If your kid had a dollar for every time someone asked, “what do you want to do when you grow up,” they might not have to do anything! They could retire young with lots of cash. Asking what they want to do that lines up with their interests and purpose is a better question and will set them on the path towards a fulfilling future. It’s likely to be a circuitous journey, but with you by their side they’re going to figure out what road to travel.
Finding the best fit for life after high school—whether that’s college, the military, or a vocation—comes in building concrete next steps, a plan for pursuing a future that’s consistent with their vision for fulfillment that’s purposeful and realistic. It’s a non-linear process that includes:
- Exploring potential life pathways
- Planning out multiple options
- Building a community of trusted advisors
- Taking first steps
- Choosing a pathway based on their values and priorities
- Committing to a pathway and starting to navigate towards it
Help your kid mix the right cement for their next step early.
No need to wait until high school to start considering options for finding purpose. Purpose starts with interest. Pay attention to what your kid pays attention to. The kid who enjoys drawing, may become a UX designer. The penny pincher might choose investment banking. When you see an interest, nurture it. Take the artist to the museum. Open a savings account for the budding financier. If your kid loves animals, volunteer together at the local humane society. When you see a spark ignite, help your kid to recognize what that means about them. This self-awareness can fuel their future choices. Make a list of what you observe them getting excited about and you’ll start to see a pattern emerge that may identify that road they’ll eventually set off on.
Use 1:1 time to reflect together
- I notice you enjoy reading history. Tell me more about that.
- You seem to like putting your outfits together, are you interested in learning more about fashion?
- The school projects that take most of your attention are science-based. What is it about the process that intrigues you?
Make connections and expand their horizons with a mentor
If your kid truly is fascinated by chemical reactions, maybe there’s a scientist in your neighborhood or social circle who’d be willing to tell them more about that career path. Family, friends, and even friends of friends are great connections for kids to learn more about potential professions. Build a network of support and a community of trusted advisors as a resource.
Tell your story
How did you discover your passion? What roads did you take to end up where you are today? Is there a different road you wish you’d taken? Share your story and be vulnerable. You’re making a safe space for your kid to tell you what they’re really interested in.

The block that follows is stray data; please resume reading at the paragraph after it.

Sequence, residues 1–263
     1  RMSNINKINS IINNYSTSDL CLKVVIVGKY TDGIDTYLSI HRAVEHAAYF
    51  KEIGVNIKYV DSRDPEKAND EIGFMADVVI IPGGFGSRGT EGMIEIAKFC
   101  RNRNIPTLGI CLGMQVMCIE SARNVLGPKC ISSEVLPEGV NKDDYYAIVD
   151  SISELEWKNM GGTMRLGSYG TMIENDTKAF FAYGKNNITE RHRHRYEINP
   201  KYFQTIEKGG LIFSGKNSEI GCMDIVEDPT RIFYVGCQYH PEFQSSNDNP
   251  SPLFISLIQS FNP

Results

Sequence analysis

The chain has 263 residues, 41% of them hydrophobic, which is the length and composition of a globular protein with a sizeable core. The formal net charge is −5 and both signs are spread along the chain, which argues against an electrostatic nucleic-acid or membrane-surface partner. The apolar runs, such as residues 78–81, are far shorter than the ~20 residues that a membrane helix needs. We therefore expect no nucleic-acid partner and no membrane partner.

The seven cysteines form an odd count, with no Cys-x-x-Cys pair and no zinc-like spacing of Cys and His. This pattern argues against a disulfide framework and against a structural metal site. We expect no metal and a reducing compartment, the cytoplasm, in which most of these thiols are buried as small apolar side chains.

Take your kid to work
Leverage your experience to introduce options. Even if they’re not interested in your career, you’re exposing them to a work environment. It’s a chance to speak with your colleagues and learn about how many different opportunities exist within one organization. That may open them up to even more ideas about what they may enjoy pursuing.
Encourage several options
Multiple path planning not only lowers anxiety, it builds confidence and resilience. When there’s a back-up plan, it’s easier to move forward with life. Advise your kid to come up with three alternate plans that include:
- A timeline
- The requirements to achieve the goal including degrees, certificates, experience
- A budget to get there
- A list of their skills and passions that align with the opportunity
- The reason why this path is a good fit
Be a dreamweaver
Kids need to mentally build a picture of themselves doing different things. Even if their concrete next step is to play for the NBA or star in an Academy Award-winning movie, don’t discourage them. Do ask what it is about these dreams that interest them and align with their vision of who they want to become. Encourage them to dig deep by asking, what’s the best part of your dream and is this something you can actually see yourself doing? Continue the conversation to unpack more details. In doing so, they may hone in on even more areas of interest. Help them to recognize that In order to reach a big goal, they’ll have to take obstacles into account and plan for how to overcome them.
Be a cheerleader
Love and passion are great motivators. So is your encouragement. Embrace their interest and cheer them on. Point out accomplishments and small wins they’ve achieved to advance forward. Support them and walk with them through the process to try on different interests.
A kid who understands the intersection between who they are, what they’re passionate about, and what they can do is building the concrete next step to find a best-fit for their future.